Live Ubuntu Gerris distribution
|Revision as of 09:21, 15 June 2011
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(Added instruction for Mac OSX)
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|''Thats it, the disk should be bootable on Macbook.''||''Thats it, the disk should be bootable on Macbook.''|
|+||==== See also ====|
|+||[https://groups.google.com/group/gerris-users/browse_thread/thread/772d55ed36a216c2?hl=en gfs-users discussion thread]|
Using this ISO image, you can boot a complete Ubuntu system with Gerris pre-installed from a USB memory stick. The distribution also includes various utilities which are useful in association with Gerris: emacs, gnuplot, ffmpeg, meshlab, blender, gmsh etc... The base system is a standard Ubuntu 10.04.2 LTS distribution.
This image is built to work on any 32 or 64 bits Intel-compatible system.
To test it you need:
- an Intel-compatible machine (or an Intel-compatible virtual machine)
- a USB memory stick with 1Gb or more free space
When you follow the instructions it is also a good idea to use the "Persistence" option of the installer. This will create a persistent home directory on the USB drive which will hold your data between successive reboots.
Note that running the distribution from the USB stick won't modify the operating system already installed on your machine in any way. If you are happy with the system, you can choose to install it permanently on your hard drive (with the option to share it with the other operating system).
If you know about this sort of things, the MD5 hash of the image file is:
Under linux/unix you can check that your downloaded image has a matching hash using
Note for MacOSX users
Apparently (recent?) Macs do not make it easy to boot another system (how surprising...). If the default Ubuntu instructions for Mac do not work for you, you need to
- Install the rEFIt bootloader on your Mac
- Find a Linux system somewhere (a Virtual Box linux system on your Mac will do too)
- Follow the instructions below on the Linux system to create the bootable USB stick (copied verbatim from here)
Note that, if prepared this way, the USB stick can be used to boot any (Intel-compatible) system (not just your Mac).
With release of Lucid Beta it was time to upgrade my MacBook as well. However the cdrom on my Mac is non functional. I was stuck with using the live usb stick. But unfortunately MacTel EFI firmware has a poor support for booting from USB sticks. There is long list of web pages on net that will tell you to try it once and give up if it doesn't work. The USB stick created with Ubuntu's live image creator did not work at all. It keeps giving message "BOOT ERROR" after the reFIT tries to load the disk.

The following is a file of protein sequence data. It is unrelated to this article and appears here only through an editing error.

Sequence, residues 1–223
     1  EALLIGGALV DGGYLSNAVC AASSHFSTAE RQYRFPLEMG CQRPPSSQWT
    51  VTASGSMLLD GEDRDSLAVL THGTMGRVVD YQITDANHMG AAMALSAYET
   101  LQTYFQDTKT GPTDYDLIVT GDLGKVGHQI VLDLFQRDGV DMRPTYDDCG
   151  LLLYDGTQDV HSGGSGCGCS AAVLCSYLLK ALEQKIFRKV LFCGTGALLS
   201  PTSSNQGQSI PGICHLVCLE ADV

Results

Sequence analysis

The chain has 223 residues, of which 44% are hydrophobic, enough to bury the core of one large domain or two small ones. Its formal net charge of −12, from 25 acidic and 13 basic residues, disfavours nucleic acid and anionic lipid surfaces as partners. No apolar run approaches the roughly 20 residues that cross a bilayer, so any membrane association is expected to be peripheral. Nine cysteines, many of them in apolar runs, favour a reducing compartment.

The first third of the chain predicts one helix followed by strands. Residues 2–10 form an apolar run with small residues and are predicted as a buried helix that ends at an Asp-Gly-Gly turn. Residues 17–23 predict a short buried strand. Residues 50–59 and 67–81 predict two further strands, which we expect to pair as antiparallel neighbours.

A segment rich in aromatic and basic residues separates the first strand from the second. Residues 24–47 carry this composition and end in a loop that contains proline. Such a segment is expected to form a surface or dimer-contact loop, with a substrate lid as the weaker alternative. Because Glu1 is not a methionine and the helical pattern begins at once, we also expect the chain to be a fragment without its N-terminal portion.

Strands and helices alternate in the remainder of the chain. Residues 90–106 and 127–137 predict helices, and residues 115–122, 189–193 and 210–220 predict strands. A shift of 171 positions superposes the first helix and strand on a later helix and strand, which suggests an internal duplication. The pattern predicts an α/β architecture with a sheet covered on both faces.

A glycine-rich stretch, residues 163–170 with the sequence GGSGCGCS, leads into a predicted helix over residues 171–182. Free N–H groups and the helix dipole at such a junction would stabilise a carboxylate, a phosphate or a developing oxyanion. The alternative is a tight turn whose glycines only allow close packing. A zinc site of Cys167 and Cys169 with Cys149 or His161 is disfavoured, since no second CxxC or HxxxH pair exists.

But all hope is not lost. After a loooooonnnnnng search and countless number of permutations finally I found a solutions. The trick is to make the live USB stick with no partitions. By formatting your USB stick to VFAT directly without creating any partitions on it apple's firmware will be able to boot from it.
However if you format your disk directly with VFAT, the usb disk creator from Ubuntu refuses to use this disk as a target. Asking the utility to format it, will result in the /dev/sdb1 partition being created again. So you will have to create the live image manually. But it does work fine in the end. Read on for full howto.
The instructions are based on this howto
Insert your usb disk and find out which drive it is enumerated as (dmesg will tell you).
For rest of the instructions we will use /dev/sdX, be careful to replace it with appropriate drive since you might otherwise erase you hard disks.
WARNING: use these instructions at your own risk. DO NOT JUST COPY PASTE COMMANDS without understanding the intent. You have been warned, these may burn your house down and kill your dog. I won't be responsible.
1. Format the USB stick
sudo mkfs.vfat /dev/sdX -I
WARNING: this will erase your entire USB stick, no data will be recoverable. Make sure you have already copied whatever you needed to someplace else.
2. Mount the Ubuntu iso to some place
sudo mkdir /media/ubuntu-disk sudo mount -o loop <path-to-ubuntu-iso> /media/ubuntu-disk
3. Mount the usb drive
sudo mkdir /media/usb sudo mount /dev/sdX /media/usb
4. Copy the ubuntu files to USB drive
cd /media/ubuntu-disk sudo cp -rf casper disctree dists install pics pool preseed .disk /media/usb sudo cp -rf isolinux /media/usb/syslinux sudo cd /media/usb/syslinux sudo mv isolinux.cfg syslinux.cfg
5. Make the disk bootable
sudo aptitude install syslinux mtools cd ~ sudo umount /dev/sdX sudo syslinux /dev/sdX
Thats it, the disk should be bootable on Macbook.